Simon Sinek and Jullian Treasure used questions in a manner that really made the audience think and make them curious to find out what the answer to that question is.

What Jullian Treasure did even better was the use of a few statements which built up to his question. This made the question even more compelling and set the theme for what the rest of his talk would be about.

So think of what question you can ask in your speech that will:

  • Set the theme for the remainder of your speech
  • Not be something that is fairly obvious
  • Be compelling enough so that the audience will actually want to know what the answer to that question will be

8. Aaron Beverley

Opening: Long pause (after an absurdly long introduction of a 57-word speech title). “Be honest. You enjoyed that, didn’t you?”

How to use silence for speech openings?

The reason this speech opening stands out is because of the fact that the title itself is 57 words long. The audience was already hilariously intrigued by what was going to come next.

But what’s so gripping here is the way Aaron holds the crowd’s suspense by…doing nothing. For about 10 to 12 seconds he did nothing but stand and look at the audience. Everyone quietened down. He then broke this silence by a humorous remark that brought the audience laughing down again.

When going on to open your speech, besides focusing on building a killer opening sentence, how about just being silent?

It’s important to keep in mind that the point of having a strong opening is so that the audience’s attention is all on you and are intrigued enough to want to listen to the rest of your speech.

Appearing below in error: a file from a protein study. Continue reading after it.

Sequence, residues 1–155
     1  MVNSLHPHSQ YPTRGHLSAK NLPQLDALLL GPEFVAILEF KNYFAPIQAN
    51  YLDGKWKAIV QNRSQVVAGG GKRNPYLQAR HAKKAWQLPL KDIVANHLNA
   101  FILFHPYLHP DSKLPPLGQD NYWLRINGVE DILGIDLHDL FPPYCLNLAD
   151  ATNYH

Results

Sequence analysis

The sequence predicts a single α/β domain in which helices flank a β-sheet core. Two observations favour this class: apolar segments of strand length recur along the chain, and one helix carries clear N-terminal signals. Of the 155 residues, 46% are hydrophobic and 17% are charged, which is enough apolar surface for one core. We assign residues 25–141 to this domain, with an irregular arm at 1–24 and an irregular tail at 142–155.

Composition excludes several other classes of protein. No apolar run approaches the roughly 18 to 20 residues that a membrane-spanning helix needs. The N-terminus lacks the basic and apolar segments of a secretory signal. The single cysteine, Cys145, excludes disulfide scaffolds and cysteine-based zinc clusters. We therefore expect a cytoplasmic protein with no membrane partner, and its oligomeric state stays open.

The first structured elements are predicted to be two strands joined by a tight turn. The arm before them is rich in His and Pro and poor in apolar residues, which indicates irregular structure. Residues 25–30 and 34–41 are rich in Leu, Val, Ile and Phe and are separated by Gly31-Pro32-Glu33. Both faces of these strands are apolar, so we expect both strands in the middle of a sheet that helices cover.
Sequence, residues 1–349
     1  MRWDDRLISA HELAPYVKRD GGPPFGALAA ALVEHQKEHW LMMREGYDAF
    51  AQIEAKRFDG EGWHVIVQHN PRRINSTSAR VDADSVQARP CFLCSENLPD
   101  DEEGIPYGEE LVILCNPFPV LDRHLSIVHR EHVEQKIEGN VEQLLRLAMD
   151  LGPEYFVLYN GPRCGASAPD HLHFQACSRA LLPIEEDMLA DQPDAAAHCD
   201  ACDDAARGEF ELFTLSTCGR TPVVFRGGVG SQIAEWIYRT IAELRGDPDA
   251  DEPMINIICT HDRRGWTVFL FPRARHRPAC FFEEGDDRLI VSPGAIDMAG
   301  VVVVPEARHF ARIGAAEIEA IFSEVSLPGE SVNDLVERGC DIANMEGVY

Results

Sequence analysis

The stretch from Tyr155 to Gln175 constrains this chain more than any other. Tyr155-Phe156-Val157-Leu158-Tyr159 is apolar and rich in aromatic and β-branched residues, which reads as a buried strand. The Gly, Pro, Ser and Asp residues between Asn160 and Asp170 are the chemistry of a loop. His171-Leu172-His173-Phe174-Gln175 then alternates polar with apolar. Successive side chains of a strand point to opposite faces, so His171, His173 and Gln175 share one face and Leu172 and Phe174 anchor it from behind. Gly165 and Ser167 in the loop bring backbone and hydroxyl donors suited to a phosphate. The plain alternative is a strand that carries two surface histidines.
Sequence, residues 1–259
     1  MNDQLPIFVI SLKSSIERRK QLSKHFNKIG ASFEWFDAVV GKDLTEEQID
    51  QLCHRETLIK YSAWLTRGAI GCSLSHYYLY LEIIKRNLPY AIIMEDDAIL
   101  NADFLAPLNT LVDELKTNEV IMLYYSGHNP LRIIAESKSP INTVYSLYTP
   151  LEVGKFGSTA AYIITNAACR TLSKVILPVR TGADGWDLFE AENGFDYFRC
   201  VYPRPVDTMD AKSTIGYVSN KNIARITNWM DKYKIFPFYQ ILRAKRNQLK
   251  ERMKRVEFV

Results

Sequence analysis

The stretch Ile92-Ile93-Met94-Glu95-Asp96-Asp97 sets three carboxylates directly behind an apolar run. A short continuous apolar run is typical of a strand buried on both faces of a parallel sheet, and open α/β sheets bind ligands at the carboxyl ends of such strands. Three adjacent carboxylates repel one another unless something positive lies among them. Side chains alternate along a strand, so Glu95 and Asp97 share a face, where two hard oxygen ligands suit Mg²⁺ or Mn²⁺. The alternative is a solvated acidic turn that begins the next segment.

Silence is a great way to do that. When you get on the stage, just pause for a few seconds (about 3 to 5 seconds) and just look at the crowd. Let the audience and yourself settle in to the fact that the spotlight is now on you.

I can’t put my finger on it, but there is something about starting the speech off with a pure pause that just makes the beginning so much more powerful. It adds credibility to you as a speaker as well, making you look more comfortable and confident on stage. 

If you want to know more about the power of pausing in public speaking , check out this post we wrote. It will give you a deeper insight into the importance of pausing and how you can harness it for your own speeches. You can also check out this video to know more about Pausing for Public Speaking:

9. Dan Pink

Opening: “I need to make a confession at the outset here. Little over 20 years ago, I did something that I regret. Something that I’m not particularly proud of. Something that in many ways I wish no one would ever know but that here I feel kind of obliged to reveal.”

10. Kelly McGonigal

Opening: “I have a confession to make. But first I want you to make a little confession to me.”

How to use a build-up to open your speech?

When there are so many amazing ways to start a speech and grip an audience from the outset, why would you ever choose to begin your speech with a ‘Good morning?’.

That’s what I love about build-ups. They set the mood for something awesome that’s about to come in that the audience will feel like they just have to know about.

Instead of starting a speech as it is, see if you can add some build-up to your beginning itself. For instance, in Kelly McGonigal’s speech, she could have started off with the question of stress itself (which she eventually moves on to in her speech). It’s not a bad way to start the speech.

But by adding the statement of “I have a confession to make” and then not revealing the confession for a little bit, the audience is gripped to know what she’s about to do next and find out what indeed is her confession.

11. Tim Urban

Opening: “So in college, I was a government major. Which means that I had to write a lot of papers. Now when a normal student writes a paper, they might spread the work out a little like this.”

12. Scott Dinsmore